Turns out MIA General Yakunin has 200-million-ruble apartment 

Turns out MIA General Yakunin has 200-million-ruble apartment
Anatoly Yakunin received a 200-million-ruble apartment under a social housing program

Anatoly Yakunin, who was appointed the Head of operational management of the Ministry of Internal Affairs of Russia on September 24, has successfully passed all the necessary checks before he could take the high position.

In light of recent corruption scandals in the MIA, which resulted in a number of personnel changes in the department, inspectors were especially meticulous about the General Yakunin’s revenues and expenditures, as well as that of his family, according to the Life.

Of all Yakunin’s property the inspectors found particularly interesting an upscale two-bedroom apartment in an elite club building on Ostozhenka Street located in Moscow’s most expensive district, the newspaper said.

The Life experts estimated it at 200 million rubles at least, so for a family with a combined annual income of 6.7 million rubles a house like this appears to be a tad too expensive.

However, the inspection revealed that the property documents were impeccably legal. The General was given the apartment in Ostozhenka 11 residential complex by the Moscow mayor in 2012, when he moved to the capital from Novgorod to replace Vladimir Kolokoltsev, who became the Minister of Internal Affairs.

Shortly after the Ostozhenka housewarming party, the Yakunins started the privatization paperwork.

However, when the general's daughter Yekaterina Yakunina first turned to the Department of housing policy for privatization, they said no, as the housing had not yet been officially made a municipal property (shortly before that the Moscow government got this apartment from the developer, an Austrian company Strabag SE).

Ostozhenka 11

Then Yakunin’s daughter privatized the apartment through court action. She was advised to do so by officials themselves, since there was little time left before Yakunin’s right of free privatization would expire in March 2013.

The officials were right: in February 2013, one month before the privatization expiry, the Moscow Khamovniki District Court ruled in favor of Yakunin’s daughter. As it had been expected, the free privatization deadlines had a decisive impact on the verdict.

"The plaintiff, who lives in an apartment provided to her by the government and wants to buy it through the privatization procedure, can not be held responsible for late registration of ownership by Moscow", the court decision was.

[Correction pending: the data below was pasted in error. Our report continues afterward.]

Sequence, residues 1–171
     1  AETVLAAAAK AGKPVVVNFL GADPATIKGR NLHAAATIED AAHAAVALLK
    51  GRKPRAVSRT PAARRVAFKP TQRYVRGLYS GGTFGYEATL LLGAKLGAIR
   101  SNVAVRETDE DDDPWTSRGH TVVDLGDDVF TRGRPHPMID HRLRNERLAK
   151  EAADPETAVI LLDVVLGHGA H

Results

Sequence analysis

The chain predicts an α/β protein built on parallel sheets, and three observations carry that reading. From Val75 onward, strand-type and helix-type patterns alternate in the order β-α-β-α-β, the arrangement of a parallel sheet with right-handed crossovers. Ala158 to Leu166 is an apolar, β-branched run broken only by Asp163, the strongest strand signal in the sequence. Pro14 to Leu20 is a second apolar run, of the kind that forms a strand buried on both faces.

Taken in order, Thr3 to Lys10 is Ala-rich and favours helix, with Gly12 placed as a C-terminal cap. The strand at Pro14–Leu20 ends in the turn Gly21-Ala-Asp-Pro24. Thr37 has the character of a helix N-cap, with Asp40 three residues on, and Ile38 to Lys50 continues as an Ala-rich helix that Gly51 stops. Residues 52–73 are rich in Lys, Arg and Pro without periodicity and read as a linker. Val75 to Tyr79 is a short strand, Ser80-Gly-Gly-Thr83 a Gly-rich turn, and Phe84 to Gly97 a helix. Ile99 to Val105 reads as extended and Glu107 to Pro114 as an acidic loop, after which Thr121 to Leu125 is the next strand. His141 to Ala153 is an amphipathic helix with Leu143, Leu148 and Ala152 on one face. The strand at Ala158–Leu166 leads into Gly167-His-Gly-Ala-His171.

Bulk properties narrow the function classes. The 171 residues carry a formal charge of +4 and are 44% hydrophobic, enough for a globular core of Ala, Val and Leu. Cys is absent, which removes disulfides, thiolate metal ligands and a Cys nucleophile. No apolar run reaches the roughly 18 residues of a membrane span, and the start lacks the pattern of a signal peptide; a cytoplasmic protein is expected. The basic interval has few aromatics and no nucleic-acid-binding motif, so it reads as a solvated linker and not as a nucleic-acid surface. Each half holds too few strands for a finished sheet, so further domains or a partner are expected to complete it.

Thus, the Moscow City Hall legally provided the apartment worth 200 million rubles to Anatoly Yakunin’s family.

The apartment measuring ​​148.1 square meters where General Yakunin lives on paper but not actually, is located in an upmarket complex in the center of Moscow.

There are only 40 apartments in the six-storied exclusively designed building. It’s coated with three types of rare Germany-brought stones. The walls overlooking the courtyard are partly decorated with Garapa wood, which is stronger than mahogany and more resistant to bad weather. The penthouse offers a great view over the city center and the Cathedral of Christ the Savior in particular. The interior of the entrance is reminiscent of Renaissance palaces, Life notes.

Currently, the 200-million-ruble apartment is home to Yekaterina, Anatoly Yakunin’s 29-year-old daughter and her husband Vadim Filippov, who is the first Deputy Prosecutor of the Moscow Kuntsevo district.

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Vadim Filippov, the first Deputy Prosecutor of the Moscow Kuntsevo district

The newspaper said the young Prosecutor’s life changed dramatically after he got married to the General's daughter. For a year of service he worked his way up from an ordinary employee of the Prosecutor's Office to a 1st class lawyer. In addition to the General's apartment, the young couple has an apartment in Vnukovo’s new housing developments.

Meanwhile, experts say that when signing the social housing contract, Moscow rules do not differentiate between a high-ranking official and an ordinary citizen.

According to Oleg Sukhov, the President of the Lawyers Guild, the city’s law suggests that a family of three should have a one-bedroom apartment considering one person has 18 square meters. To sign a social housing contract, an applicant must possess certain criteria. In particular, such agreements are meant for the underprivileged who first have to wait for their turn to get social housing. Generally, Moscow families have to wait 25 years before they could get an apartment. There are now 74 thousand families in the capital waiting for their turn, by 2016 counts.

A special category of citizens gets their apartments pursuant to certain regulations: presidential decrees, government regulations or orders by the local authorities. The MIA General Yakunin seems to belong to that precise group.

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